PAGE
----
HC Deb 12 March 1900 vol 80 cc599-601

I rise to ask leave to introduce a Bill to amend the Agricultural Holdings Act, and I hope it will not be necessary for me to say more than a few words upon it. We have taken the fundamental principle which underlies the existing Act of dealing with this subject—namely, that the measure of compensation shall be the value to the incoming tenant of the improvement effected by the outgoing tenant. As the law stands at present, the tenant makes his claim and the landlord has a right to make a claim as a set off against that of the tenant, the amount of the landlord's claim being limited to that of the tenant's claim. We propose to improve the tenant's position, and to enable him to claim for certain improvements which he has not now the power to do. For instance, the Bill will enable him to claim for all corn consumed on the farm, whether grown on it or not. The Bill also simplifies the machinery under which the claim can be established, by bringing in the Arbitration Act in an amended form. Both tenant and landlord will be able to bring their claims before the same tribunal; and whereas at present the only claims which can be so settled are claims arising under the Agricultural Holdings Act, the Bill enables all claims, including those arising under the common law, to be dealt with in one arbitration. We propose that there shall be a single arbitrator; we abolish the present statutory obligation to have a referee and umpire, and we give the landlord and tenant the greatest freedom in the procedure for establishing their claims. The machinery we set up should do much to diminish the expense of a settlement. The tenant will no longer be required to give notice of his claim. Formerly, if he failed to give notice he not only lost all the rights he enjoyed under the Act, but he prejudiced his other rights. We provide that no notice shall now be necessary, but the claim must be made within three months of the termination of the tenancy. Penal rents are altogether abolished, and certain ambiguities in the law of distress are removed. The schedule under which the tenant claims compensation is amended, and the Board of Agriculture is introduced as the governing authority instead of the County Court, in the case where the landlord has to borrow money to pay compensation and charge the estate with the loan. In this and other ways the procedure for the settlement of differences between landlord and tenant will, we hope, be cheapened and simplified. I believe that the measure is a practical and businesslike one, and I trust that the House will give it impartial consideration, in order that we may settle once for all the differences between owners and occupiers of land.


I suppose the Bill applies only to England?


To Great Britain only.

*MR. CHANNING (Northamptonshire, E.)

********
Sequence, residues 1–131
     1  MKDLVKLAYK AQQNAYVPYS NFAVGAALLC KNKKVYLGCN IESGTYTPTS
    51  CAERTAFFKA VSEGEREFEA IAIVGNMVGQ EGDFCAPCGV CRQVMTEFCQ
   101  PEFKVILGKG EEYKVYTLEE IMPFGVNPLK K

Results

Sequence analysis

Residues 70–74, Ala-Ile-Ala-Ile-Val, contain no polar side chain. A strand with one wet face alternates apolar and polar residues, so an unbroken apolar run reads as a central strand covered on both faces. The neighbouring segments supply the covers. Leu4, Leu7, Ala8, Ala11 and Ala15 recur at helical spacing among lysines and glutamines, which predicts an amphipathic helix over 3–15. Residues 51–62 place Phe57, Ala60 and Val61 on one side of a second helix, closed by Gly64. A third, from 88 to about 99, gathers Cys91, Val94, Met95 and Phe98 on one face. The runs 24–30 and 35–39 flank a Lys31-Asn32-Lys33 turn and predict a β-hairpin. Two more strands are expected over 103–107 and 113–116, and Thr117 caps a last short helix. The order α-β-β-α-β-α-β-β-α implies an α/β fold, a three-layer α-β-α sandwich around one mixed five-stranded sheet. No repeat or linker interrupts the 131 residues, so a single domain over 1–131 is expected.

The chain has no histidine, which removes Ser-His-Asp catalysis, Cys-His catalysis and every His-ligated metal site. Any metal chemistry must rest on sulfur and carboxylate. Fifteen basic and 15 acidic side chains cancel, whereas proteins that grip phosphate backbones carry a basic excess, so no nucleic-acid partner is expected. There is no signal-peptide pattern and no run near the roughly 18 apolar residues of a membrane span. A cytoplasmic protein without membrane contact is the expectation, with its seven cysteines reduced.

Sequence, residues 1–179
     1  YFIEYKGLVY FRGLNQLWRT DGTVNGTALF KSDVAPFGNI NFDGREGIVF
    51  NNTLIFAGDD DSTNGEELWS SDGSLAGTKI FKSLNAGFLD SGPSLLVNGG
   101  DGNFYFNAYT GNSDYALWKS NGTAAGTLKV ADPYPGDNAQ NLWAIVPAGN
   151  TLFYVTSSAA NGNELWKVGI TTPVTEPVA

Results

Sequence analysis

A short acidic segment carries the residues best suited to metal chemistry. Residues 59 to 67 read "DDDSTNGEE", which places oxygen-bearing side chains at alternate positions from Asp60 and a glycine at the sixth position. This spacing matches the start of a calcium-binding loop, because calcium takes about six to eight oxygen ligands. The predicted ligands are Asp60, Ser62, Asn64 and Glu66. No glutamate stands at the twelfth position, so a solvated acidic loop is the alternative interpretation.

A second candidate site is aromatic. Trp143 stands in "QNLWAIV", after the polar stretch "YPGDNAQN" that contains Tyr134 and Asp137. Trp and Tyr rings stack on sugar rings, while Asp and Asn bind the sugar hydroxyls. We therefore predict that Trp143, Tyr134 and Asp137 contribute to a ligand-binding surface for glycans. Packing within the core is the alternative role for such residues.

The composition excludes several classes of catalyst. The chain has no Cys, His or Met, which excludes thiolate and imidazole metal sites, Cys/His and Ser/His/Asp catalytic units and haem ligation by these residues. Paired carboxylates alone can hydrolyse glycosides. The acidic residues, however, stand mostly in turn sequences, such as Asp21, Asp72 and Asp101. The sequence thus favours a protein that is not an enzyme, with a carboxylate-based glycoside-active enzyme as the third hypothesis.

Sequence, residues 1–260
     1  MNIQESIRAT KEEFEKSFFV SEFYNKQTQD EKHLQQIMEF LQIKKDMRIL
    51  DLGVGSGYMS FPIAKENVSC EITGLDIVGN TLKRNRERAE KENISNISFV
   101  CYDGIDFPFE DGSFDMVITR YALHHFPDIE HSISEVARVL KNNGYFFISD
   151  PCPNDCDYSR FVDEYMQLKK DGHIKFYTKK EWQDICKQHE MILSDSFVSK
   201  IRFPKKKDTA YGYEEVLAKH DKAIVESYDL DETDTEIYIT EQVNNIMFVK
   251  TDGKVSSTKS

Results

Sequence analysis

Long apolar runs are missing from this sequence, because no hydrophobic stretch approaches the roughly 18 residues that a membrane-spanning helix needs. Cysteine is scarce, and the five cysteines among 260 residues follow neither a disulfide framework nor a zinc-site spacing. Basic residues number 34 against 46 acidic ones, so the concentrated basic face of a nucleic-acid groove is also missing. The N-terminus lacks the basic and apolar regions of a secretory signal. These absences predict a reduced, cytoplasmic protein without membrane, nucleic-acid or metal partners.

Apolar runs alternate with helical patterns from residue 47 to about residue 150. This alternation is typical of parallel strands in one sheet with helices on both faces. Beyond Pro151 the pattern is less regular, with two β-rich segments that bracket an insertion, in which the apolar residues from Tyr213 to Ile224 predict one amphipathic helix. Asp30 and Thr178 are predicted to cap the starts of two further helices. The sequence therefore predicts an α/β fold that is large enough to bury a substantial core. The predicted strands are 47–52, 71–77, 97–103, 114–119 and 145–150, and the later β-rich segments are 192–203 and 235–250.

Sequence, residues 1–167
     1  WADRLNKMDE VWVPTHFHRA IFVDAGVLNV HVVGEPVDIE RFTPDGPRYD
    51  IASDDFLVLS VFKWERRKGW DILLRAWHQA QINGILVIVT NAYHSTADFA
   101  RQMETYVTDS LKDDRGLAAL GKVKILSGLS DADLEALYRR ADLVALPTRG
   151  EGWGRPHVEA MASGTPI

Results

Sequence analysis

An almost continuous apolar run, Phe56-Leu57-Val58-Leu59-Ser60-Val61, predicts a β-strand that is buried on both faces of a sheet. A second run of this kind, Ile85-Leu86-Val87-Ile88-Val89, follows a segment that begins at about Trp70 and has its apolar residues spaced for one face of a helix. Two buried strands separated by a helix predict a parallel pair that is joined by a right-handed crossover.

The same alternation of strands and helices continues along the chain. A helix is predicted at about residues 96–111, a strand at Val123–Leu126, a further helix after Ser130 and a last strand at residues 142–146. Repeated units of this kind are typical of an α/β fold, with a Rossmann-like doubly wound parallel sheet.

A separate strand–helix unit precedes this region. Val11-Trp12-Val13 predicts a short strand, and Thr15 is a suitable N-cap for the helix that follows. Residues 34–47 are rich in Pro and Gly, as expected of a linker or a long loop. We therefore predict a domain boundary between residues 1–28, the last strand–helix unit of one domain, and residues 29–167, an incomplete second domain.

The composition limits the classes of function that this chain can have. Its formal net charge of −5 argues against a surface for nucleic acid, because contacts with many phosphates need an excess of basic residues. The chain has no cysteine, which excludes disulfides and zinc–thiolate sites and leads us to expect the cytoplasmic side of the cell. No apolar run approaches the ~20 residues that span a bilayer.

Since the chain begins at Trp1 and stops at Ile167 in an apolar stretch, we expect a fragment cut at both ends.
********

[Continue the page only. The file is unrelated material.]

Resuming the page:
I should like to say one or two words upon the right hon. Gentleman's statement. In the first place I think that all interested in this question will welcome some of the proposals he has foreshadowed, and will be inclined to think that they are a step in the right direction. The Bill would seem to be rather a Bill for the improvement of the machinery for determining mutual claims and rights of landlord and tenant than for making larger reforms. The arbitration proposal would be welcomed as tending to cheapen and simplify the procedure of the Act. My right hon. friend has referred to one or two minor alterations of the law and to the extension of the Schedules for tenants' improvements which he proposes to make, but I could not help noticing one serious omission from his description of the Bill. There was no reference in his speech to two such questions as compensation for laying down permanent pasture, or for increased fertility from continuous high farming, provision for which the working tenants of the country have demanded as necessary to any satisfactory Amendment of the Agricultural Holdings Act. If I am to interpret the silence of the right hon. Gentleman as meaning that there is no attempt in the Bill to deal with two such important questions, which have so long exercised the thoughts of agriculturists, and have been voiced by them on so many occasions, I very much regret it, for we know it has long been felt that tenant farmers—who at great cost to themselves have carried out the highly advantageous improvement of laying down permanent pasture, when it is well done, and who have also added fertility to the land by continuous high farming—ought to be considered. If no attempt is made to deal in the Bill with these things I fear it will lead to a good deal of discussion when the measure is before the House. My right hon friend is well aware that the strongest expressions of opinion have been given by our Chambers of Agriculture in favour of accepting the recommendations of the Committee appointed by the Chambers to deal with these subjects as the minimum of concession to working agriculturists. But the proposals fell far short of even the very moderate standard set up by the Chambers. I cannot sit down without offering a comment on the singular contrast presented between the belated introduction of a Bill which is to fulfil pledges given again and again by Ministers, but postponed year after year—no doubt to the satisfaction of the right hon. Gentleman's friends—and the action of the Government, which shortly after it came into power devoted so much time to carrying the Agricultural Rates Bill when the question was the relief of the landlords. During the sessions of 1893 and 1894 we had to listen to furious and fervid declamation about the sufferings of distressed agriculturists, on Motions of Adjournment, about once a fortnight. And we remember the prolonged and passionate debates with which the Agricultural Rate Act was introduced in 1896. I think we can all understand how the enthusiasm then shown for the tenant farmers of this country ceased as soon as certain millions were ear-marked for the benefit of the landlords, with the result that we have had to wait five years before any attempt is made to deal with the case of the tenants in reference to a subject which occupies five-sixths of the Report of the Royal Commission. And now we have this Bill brought in in a speech lasting less than five minutes, and under a Rule which only allows one other speech to be made. I venture to think I am justified in drawing attention to the enormous contrast between the way in which the Government acted on behalf of the landlord class and the scanty and belated attention they are now giving to the demands of the working tenant farmers of this country.